The following is the text of the official announcement that US President Barack Obama has been awarded the Nobel Peace Prize:Ha! Ha! Ha! Is today April Fool? Is this a joke? Why? What did he do? I can not understand why he has been awarded the Nobel Peace Prize.
The Norwegian Nobel Committee has decided that the Nobel Peace Prize for 2009 is to be awarded to President Barack Obama for his extraordinary efforts to strengthen international diplomacy and co-operation between peoples.
The Committee has attached special importance to Obama's vision of and work for a world without nuclear weapons.
Obama has as president created a new climate in international politics.
Multilateral diplomacy has regained a central position, with emphasis on the role that the United Nations and other international institutions can play.
Dialogue and negotiations are preferred as instruments for resolving even the most difficult international conflicts.
The vision of a world free from nuclear arms has powerfully stimulated disarmament and arms control negotiations.
Thanks to Obama's initiative, the USA is now playing a more constructive role in meeting the great climatic challenges the world is confronting.
Democracy and human rights are to be strengthened.
Only very rarely has a person to the same extent as Obama captured the world's attention and given its people hope for a better future.
His diplomacy is founded in the concept that those who are to lead the world must do so on the basis of values and attitudes that are shared by the majority of the world's population.
For 108 years, the Norwegian Nobel Committee has sought to stimulate precisely that international policy and those attitudes for which Obama is now the world's leading spokesman.
The Committee endorses Obama's appeal that "Now is the time for all of us to take our share of responsibility for a global response to global challenges".
Japanese scientist Osamu Shimomura and 2 Americans have been awarded this year's Nobel Prize in chemistry.Congratulations!
Shimomura, who worked at the Marine Biological Laboratory in the United States and is now a professor emeritus at Boston University, will share the prize with Americans Martin Chalfie and Roger Tsien. The award is for the discovery and development of a special protein called "green fluorescent protein," or GFP.
GFP was first observed in jellyfish in 1962, and has been an important tool for biologists monitoring the development of neurons in the brain and how cancer cells spread.
Shimomura is 80 years old. He hails from Kyoto and later moved to the United States.
Two Japanese and one Japanese-American scientists have won this year's Nobel Prize in Physics.Congratulations!
Toshihide Masukawa of Kyoto University and Makoto Kobayashi of the High Energy Accelerator Research Organization shared the Prize with Yoichiro Nambu of the University of Chicago.
They have contributed to the advancement of particle physics with their work. It is the first time in 6 years for Japanese scientists to win the prize.
87-year-old Nambu graduated from Tokyo University. After teaching at Osaka City University, he went to the United States to continue his research and became a professor at the University of Chicago in 1958.
Nambu became an American citizen in 1970. He predicted a mechanism called spontaneous broken symmetry in subatomic physics that permeated the standard elementary particle physics.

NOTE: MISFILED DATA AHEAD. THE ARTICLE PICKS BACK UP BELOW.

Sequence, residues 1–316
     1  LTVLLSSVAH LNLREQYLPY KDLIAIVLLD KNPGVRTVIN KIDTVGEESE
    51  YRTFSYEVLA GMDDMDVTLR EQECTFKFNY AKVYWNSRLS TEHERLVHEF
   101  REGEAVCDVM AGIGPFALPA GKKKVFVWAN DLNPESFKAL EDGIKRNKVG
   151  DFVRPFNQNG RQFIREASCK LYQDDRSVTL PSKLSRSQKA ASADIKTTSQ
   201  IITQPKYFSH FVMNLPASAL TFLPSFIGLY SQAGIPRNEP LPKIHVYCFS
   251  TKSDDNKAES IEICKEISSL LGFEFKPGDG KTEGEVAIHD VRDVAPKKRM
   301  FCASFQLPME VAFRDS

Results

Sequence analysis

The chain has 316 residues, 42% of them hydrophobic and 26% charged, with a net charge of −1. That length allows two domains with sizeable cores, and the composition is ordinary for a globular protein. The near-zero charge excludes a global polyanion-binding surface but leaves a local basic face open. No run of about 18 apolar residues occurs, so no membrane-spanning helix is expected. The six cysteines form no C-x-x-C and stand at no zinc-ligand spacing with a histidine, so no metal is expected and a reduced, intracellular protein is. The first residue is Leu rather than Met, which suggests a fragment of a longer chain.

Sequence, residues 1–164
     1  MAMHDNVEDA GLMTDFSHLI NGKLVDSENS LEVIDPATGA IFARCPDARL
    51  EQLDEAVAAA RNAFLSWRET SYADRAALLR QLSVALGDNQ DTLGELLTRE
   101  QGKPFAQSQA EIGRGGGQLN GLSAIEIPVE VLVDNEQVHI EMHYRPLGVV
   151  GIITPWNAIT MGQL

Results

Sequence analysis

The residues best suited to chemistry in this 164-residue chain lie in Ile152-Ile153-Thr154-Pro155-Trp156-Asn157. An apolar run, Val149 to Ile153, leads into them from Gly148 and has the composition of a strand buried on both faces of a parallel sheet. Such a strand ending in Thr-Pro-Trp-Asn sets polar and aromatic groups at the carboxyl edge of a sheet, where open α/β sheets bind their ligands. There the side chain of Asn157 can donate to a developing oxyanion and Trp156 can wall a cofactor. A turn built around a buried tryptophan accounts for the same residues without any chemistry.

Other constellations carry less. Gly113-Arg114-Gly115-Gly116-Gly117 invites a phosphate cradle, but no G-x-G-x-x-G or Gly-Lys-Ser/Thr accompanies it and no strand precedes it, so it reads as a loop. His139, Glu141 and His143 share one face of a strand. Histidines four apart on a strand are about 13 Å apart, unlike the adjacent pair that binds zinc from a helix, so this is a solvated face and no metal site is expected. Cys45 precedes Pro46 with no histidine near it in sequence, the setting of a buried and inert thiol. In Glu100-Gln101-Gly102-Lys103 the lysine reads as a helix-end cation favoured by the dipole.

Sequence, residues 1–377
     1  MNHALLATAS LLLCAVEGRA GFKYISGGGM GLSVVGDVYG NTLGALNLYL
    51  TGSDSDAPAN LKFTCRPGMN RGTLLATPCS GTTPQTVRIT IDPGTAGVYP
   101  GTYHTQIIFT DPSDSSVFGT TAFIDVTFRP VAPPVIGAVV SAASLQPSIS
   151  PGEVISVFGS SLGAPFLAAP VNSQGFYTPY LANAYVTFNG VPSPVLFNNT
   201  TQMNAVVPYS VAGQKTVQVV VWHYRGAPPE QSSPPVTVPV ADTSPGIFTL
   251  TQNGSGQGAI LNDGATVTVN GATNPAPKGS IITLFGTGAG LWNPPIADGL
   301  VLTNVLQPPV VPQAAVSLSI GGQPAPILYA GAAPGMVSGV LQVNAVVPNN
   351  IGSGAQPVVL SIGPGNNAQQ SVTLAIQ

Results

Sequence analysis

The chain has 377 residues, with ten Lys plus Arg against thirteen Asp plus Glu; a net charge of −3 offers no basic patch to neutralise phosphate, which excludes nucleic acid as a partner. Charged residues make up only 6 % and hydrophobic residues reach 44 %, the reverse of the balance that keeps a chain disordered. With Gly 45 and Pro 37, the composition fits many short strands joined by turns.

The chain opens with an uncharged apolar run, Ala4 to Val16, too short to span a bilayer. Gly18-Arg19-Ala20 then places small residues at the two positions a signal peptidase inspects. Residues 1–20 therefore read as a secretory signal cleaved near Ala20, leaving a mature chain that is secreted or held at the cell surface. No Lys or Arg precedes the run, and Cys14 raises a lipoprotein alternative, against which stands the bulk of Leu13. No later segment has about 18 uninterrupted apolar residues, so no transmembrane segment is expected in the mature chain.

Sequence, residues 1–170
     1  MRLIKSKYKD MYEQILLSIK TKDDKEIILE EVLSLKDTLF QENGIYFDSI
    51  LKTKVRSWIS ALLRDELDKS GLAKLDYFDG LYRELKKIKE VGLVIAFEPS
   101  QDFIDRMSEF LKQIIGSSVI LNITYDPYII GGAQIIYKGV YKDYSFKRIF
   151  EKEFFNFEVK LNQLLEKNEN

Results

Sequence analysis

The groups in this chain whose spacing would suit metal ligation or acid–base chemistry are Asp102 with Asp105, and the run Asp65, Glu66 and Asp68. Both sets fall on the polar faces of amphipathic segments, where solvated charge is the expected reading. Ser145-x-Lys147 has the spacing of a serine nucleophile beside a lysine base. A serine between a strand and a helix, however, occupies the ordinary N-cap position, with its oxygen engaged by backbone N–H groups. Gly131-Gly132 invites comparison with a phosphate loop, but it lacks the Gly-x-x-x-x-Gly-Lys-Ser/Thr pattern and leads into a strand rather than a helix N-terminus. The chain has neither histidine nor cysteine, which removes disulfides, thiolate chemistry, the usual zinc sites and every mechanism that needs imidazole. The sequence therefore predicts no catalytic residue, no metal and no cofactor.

Nambu won the Oppenheimer Prize in 1976 and the Benjamin Franklin Medal in 2005.
Masukawa was born in Nagoya in 1940. He served as a professor of Physics and the director of the Yukawa Institute for Theoretical Physics at Kyoto University and is now a professor emeritus of the university.
Kobayashi was also born in Nagoya, in 1944. He was the president of the Institute of Particle and Nuclear Studies at the High Energy Accelerator Research Organization. He became professor emeritus 2 years ago and holds a post of executive director of the Japan Society for the Promotion of Science.
The two began their research of elementary particles when they were students at Nagoya University.
In 1973 when they were both assistant researchers at Kyoto University, they proposed a theory to explain the existence of 6 types of quarks.
They explained that their 6-quarks theory can provide proof of the proposed disappearance of half of the matter in existence right after the universe was created about 13 billion 700 million years ago.
The 3 unknown families of quarks were actually discovered later, verifying the scientists' predictions.
Prime Minister Yasuo Fukuda has announced his intention to resign.Best Regards,
Fukuda held an emergency news conference on Monday evening.
He noted that it has been almost a year since he took office, on the 26th of last September.
He said he took the job knowing there was a rough road ahead, with the opposition in control of the Upper House of the Diet.
He said he was in utter confusion as the pension issue and other longstanding problems surfaced in rapid succession.
But, he said, he was the first to launch reforms from the public's perspective.
Fukuda said he reshuffled his Cabinet last month to come up with measures to provide relief to small- and medium-sized businesses that were struggling with high costs.
He said he drew up a package of economic measures last week.
He said there is no time to lose, because the ruling bloc must deliberate the supplementary budget and a bill to set up a Consumer Agency at the next extraordinary session of the Diet.
Fukuda added that he decided it would be best for Japan's economy and the lives of the Japanese people if the ruling bloc faced the next Diet session with new members.
He said there must be no political vacuum or political trade-offs in putting the lives of the people first.
He said he decided to resign his post because policies must be implemented under a new lineup.